The first of these unchangeable aspects is the U.S.’ competitive strategy toward China. In its national defense strategy at the end of 2017, the U.S. defined China as a long-term strategic competitor. A series of adjustments in the U.S. national security strategy is the fundamental driving force behind significant changes in U.S.-China relations. This strategy defines many aspects of the relationship and its fundamental nature. We believe that in the visible future, likely lasting for several decades, the U.S. is unlikely to adjust this strategy significantly. Dealing with “strategic competition” from China is the “underlying theme” of the relations. As long as this underlying theme remains unchanged, it is challenging for other aspects to undergo fundamental changes.

Secondly, the “small yard, high wall” strategy adopted by the U.S. toward China will not change. Despite being a market-oriented economy that has long championed a free market, the U.S. aims to contain China in service of its major power competition strategy. Due to national security concerns and to prevent the export of more technology, knowledge, and products to China, the U.S. has devised the “small yard, high fence” strategy that delineates a series of restricted areas within the “small yard” covering knowledge-intensive and high-tech fields such as semiconductor chips, artificial intelligence, biomedicine, and more. The “high fence” imposes restrictions on China at the levels of technology, products, equipment, and knowledge. This concept has also expanded globally through the American alliances. For instance, the U.S., along with the Netherlands and Japan, restricts the export of advanced semiconductor equipment to China. Additionally, through some forms of long-arm jurisdiction, the U.S. limits the flow of technology, equipment, and talent from other countries and regions to China.

Thirdly, the U.S. strategy and approach to the Taiwan issue will remain unchanged. The Taiwan issue is a core interest for China, and the U.S. has consistently used it as a significant leverage point and geopolitical pivot to influence China. Hence, such an issue will continue to be a crucial point of friction between the two nations, serving as a strategic card for the U.S. However, as China’s economic and military strength grows, the U.S. also recognizes the potential risks of getting involved in a crisis in the Taiwan Strait and the potential costs of intervening in a conflict there.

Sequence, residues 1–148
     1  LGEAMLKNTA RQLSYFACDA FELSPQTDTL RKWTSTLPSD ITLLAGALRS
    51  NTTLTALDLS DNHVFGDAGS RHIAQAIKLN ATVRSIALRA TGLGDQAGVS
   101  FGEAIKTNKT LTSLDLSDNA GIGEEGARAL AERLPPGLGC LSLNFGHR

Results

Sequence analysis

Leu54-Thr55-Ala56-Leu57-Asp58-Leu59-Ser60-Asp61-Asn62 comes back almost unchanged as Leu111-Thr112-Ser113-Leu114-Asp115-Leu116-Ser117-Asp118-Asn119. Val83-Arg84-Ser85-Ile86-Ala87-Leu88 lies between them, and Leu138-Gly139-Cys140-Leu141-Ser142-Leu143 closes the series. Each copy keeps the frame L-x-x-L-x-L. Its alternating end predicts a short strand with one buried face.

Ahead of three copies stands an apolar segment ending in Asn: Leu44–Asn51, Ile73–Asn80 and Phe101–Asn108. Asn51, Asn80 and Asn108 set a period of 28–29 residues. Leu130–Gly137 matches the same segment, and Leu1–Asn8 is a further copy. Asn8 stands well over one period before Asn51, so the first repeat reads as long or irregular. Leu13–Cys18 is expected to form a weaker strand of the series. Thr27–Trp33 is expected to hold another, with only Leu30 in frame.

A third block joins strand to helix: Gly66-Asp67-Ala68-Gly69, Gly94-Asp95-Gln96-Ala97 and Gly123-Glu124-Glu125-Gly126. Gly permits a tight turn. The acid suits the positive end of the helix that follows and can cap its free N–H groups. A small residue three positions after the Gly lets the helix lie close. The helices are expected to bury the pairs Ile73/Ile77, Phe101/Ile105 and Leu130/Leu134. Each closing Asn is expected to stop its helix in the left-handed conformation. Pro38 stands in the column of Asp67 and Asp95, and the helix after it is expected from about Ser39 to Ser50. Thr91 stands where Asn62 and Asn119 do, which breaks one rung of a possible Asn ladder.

Fourthly, the joint efforts of the U.S. and its allies to impose restrictions on China will not change. During the meeting in San Francisco, President Biden stated that the U.S. had no intention of forming an encirclement against China with its allies. However, it is challenging for such a statement to be faithfully adhered to. This is because, for the U.S. to “contain” the long-term strategic competitor that is China, it will inevitably implement a prolonged “encirclement” strategy. Nevertheless, the allied countries of the U.S. will determine their attitudes and policies toward China based on their very own national interests.

In a recent speech, U.S. Secretary of Commerce, Gina Raimondo, conveyed a stance perceived as notably assertive by Chinese observers. She explicitly declared that China is not a friend of the U.S., emphasizing the U.S. stance against allowing advanced chips to be exported to China. This is not particularly surprising. If one understands the changeable and unchangeable elements in U.S.-China relations, it becomes evident that Raimondo’s remarks essentially represent a candid position from the U.S. The “small yard, high fence” policy of the U.S. toward the high-tech sector in China is anticipated to remain unchanged.

Final analysis conclusion:

According to researchers at ANBOUND, a crucial strategy for China in navigating future U.S.-China relations involves steadfast adherence to the principles of reform and opening up, ensuring continued openness to the global community. Greater openness means a more favorable business environment. In addition, undertaking comprehensive market-oriented reforms are crucial as well. These actions can mitigate the impact of the U.S. containment strategy and alleviate constraints imposed by such efforts.

He Jun is a researcher at ANBOUND


Anbound Consulting (Anbound) is an independent Think Tank with the headquarter based in Beijing. Established in 1993, Anbound specializes in public policy research, and enjoys a professional reputation in the areas of strategic forecasting, policy solutions and risk analysis. Anbound's research findings are widely recognized and create a deep interest within public media, academics and experts who are also providing consulting service to the State Council of China.